EXCEPT FOR a few pounds of figs from a friend's tree and several raspberries that managed to miss our garden's blight, our harvesting is done in food stores. Still we don't like to let a season pass without marking it with a few opinions. So we have browsed among this year's crops of new products and picked a few that pleases us:
Unlike oysters, hot dogs and hamburgers are never out of season. So we are glad to have something sound for snadwiching them. Columbia Union Bakery now makes hot dog and hamburger rolls of whole wheat, sprouted wheat or oatmean, with no preservatives. They are firm enough to stand up to meat juices, full-flavored enough to back up a spicy hot dot, with enough chew that they don't collapse into mush. They sell for about $1 a package, and are available at most supermarkets.
Tomato, over the centuries, has been back and forth across the Atlantic to seek favor. Now, with most of the year offering only pale tomato facsimiles, we turn to Italy again. Sun-dried tomatoes, preserved in olive oil, were the flashy immigrants in posh food stores last year, so much so that the supplies ran out. Now Suzanne's has them again, and we would be surprised if other stores didn't follow. Their concentrated tomato flavor would compensate for winter's missing tomato-ness in recipes, but given their price -- $7.20 for 10 ounces -- and their deilciousness as-is or layered on bread, they are better as a flavoring.
This being a city of people from everywher else, Made in America, an American Crafts shop in K Street's Esplanade Mall, has been seeking the foods people miss from their home countries. We aren't sure why some of them would be missed: Napa Valley wine jellies didn't taste different enough from Welch's to be worth the trouble, and Arizona prickly pear jelly was but a hint of that fruit's glory. But we saw through to the finish a bag of California's Granny Goose potato chips and wished we had two; and Scranto, Pa's Black Diamonds licorice -- looking like coal and packed with a hammer -- may have seemed just a gimmick at first but tasted like grand stuff, licorice that is not cloying but is plenty strong. What are the shop's most evocative foods? Hang around Made in America and you'll soon see how emotional people can get over a long lost barbecue sauce.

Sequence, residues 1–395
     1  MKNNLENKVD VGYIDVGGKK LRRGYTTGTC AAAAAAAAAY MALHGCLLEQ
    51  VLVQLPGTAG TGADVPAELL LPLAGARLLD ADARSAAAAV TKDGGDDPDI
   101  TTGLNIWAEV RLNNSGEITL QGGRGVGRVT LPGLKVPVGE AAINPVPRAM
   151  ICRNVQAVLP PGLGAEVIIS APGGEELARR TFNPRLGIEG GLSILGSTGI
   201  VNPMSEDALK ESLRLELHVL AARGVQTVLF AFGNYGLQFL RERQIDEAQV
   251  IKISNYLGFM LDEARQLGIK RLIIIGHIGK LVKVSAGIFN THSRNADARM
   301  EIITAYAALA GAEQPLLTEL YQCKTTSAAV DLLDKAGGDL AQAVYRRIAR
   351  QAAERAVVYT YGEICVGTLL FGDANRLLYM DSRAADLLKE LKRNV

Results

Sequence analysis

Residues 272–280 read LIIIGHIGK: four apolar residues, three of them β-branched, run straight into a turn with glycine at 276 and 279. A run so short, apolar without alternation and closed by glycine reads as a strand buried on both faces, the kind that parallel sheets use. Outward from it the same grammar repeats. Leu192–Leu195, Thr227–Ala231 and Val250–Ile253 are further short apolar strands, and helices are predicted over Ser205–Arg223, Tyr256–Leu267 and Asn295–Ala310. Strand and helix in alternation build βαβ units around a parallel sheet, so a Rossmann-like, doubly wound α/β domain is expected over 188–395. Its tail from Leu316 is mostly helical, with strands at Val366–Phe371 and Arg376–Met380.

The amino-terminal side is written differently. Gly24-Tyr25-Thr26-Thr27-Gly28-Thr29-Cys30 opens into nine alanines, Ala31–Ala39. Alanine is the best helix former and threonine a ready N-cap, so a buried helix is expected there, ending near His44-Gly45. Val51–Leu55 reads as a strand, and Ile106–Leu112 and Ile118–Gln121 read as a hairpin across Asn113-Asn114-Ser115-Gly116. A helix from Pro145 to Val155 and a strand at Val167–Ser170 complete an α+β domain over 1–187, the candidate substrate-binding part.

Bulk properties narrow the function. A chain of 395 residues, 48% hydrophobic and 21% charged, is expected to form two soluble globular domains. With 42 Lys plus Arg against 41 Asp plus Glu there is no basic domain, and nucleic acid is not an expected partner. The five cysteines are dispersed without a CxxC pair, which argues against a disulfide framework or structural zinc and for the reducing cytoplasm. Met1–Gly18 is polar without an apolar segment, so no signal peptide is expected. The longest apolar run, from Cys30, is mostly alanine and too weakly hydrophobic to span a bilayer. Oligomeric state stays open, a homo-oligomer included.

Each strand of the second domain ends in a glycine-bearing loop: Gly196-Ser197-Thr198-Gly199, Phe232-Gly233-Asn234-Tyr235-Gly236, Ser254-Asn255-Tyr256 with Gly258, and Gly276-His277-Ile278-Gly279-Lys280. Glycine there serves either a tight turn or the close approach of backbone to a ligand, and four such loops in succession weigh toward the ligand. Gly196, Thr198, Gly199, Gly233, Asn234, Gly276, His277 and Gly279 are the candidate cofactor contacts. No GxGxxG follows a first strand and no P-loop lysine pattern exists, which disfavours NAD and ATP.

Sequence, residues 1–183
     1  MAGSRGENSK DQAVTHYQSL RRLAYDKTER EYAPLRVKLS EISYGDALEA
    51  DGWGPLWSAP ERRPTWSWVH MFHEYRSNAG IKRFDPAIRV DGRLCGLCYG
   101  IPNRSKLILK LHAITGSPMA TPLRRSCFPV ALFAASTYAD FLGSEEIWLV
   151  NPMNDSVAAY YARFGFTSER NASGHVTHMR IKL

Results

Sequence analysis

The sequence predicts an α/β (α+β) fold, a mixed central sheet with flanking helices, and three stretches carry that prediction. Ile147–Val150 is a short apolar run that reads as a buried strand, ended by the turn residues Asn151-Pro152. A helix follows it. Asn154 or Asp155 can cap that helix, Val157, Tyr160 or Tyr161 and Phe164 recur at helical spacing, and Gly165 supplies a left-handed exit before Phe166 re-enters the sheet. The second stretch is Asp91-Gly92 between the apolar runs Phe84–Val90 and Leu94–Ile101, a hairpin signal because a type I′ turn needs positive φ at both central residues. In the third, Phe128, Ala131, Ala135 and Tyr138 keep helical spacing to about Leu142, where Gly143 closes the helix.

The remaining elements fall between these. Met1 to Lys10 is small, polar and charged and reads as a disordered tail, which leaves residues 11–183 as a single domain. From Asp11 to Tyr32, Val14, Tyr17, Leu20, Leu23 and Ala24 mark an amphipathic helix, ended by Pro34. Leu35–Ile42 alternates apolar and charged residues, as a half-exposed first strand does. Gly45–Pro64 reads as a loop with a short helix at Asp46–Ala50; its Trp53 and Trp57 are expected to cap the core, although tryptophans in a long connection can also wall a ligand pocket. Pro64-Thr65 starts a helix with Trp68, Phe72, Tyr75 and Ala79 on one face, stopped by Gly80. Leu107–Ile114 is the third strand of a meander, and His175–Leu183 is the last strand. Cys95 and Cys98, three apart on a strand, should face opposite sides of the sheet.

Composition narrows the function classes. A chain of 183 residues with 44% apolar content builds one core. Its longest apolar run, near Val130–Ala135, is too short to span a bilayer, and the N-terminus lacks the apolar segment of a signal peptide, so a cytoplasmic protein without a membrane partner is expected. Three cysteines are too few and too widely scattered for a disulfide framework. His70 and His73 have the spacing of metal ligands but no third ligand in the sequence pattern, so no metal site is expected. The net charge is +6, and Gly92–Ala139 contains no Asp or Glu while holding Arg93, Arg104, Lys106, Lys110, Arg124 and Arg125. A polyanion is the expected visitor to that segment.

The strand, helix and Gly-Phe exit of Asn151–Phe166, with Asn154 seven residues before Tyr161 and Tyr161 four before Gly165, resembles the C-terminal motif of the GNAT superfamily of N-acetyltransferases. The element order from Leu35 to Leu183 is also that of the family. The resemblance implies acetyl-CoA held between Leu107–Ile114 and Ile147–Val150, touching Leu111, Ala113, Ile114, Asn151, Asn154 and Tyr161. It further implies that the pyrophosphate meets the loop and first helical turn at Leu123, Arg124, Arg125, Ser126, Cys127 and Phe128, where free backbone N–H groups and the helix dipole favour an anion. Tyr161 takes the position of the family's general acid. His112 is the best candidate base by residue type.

Anybody would love to get a box of Bill Blass chocolates; in fact, anybody would would love to get a Bill Blass chocolate box even without the chocolates. It is "brushed silver," with gold script and silvery layers inside that are utterly and discreetly elegant. The famous initials are stamped on each foil layer and on some of the chocolates. Bravo for the packaging. And ho-hum for the chocolates themselves. We found them, as we find the Godiva chocolates by whom they are made, too sweet. fThey were neither as buttery nor as creamy as we like our fillings and our milk chocolates, nor aas intense as we expect or dark chocolates. We do admit, however, a developing fondness for one called a Raspberry Noyea, with raspberries, applesauce and pecans; and for Orange Meltaways, with Seville organe peel and Grand Marnier. In any case, they look like chocolates to put on a chain and wear around your neck, or, as one wandering-by taster put it, "Designer chocolates to wear with your designer jeans."